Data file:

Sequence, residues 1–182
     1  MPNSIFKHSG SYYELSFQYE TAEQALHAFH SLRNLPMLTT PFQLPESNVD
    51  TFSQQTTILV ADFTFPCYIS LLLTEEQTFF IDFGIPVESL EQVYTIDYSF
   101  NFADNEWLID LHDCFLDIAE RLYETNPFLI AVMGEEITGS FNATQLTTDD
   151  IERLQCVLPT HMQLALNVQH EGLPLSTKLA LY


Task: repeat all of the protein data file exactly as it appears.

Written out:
Sequence, residues 1–182
     1  MPNSIFKHSG SYYELSFQYE TAEQALHAFH SLRNLPMLTT PFQLPESNVD
    51  TFSQQTTILV ADFTFPCYIS LLLTEEQTFF IDFGIPVESL EQVYTIDYSF
   101  NFADNEWLID LHDCFLDIAE RLYETNPFLI AVMGEEITGS FNATQLTTDD
   151  IERLQCVLPT HMQLALNVQH EGLPLSTKLA LY